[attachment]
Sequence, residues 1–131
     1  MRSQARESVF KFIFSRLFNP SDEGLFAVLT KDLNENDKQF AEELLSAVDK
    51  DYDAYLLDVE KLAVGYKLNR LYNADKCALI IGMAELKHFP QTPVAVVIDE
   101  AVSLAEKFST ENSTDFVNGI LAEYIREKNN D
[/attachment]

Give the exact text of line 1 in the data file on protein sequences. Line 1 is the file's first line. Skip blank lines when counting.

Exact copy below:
Sequence, residues 1–131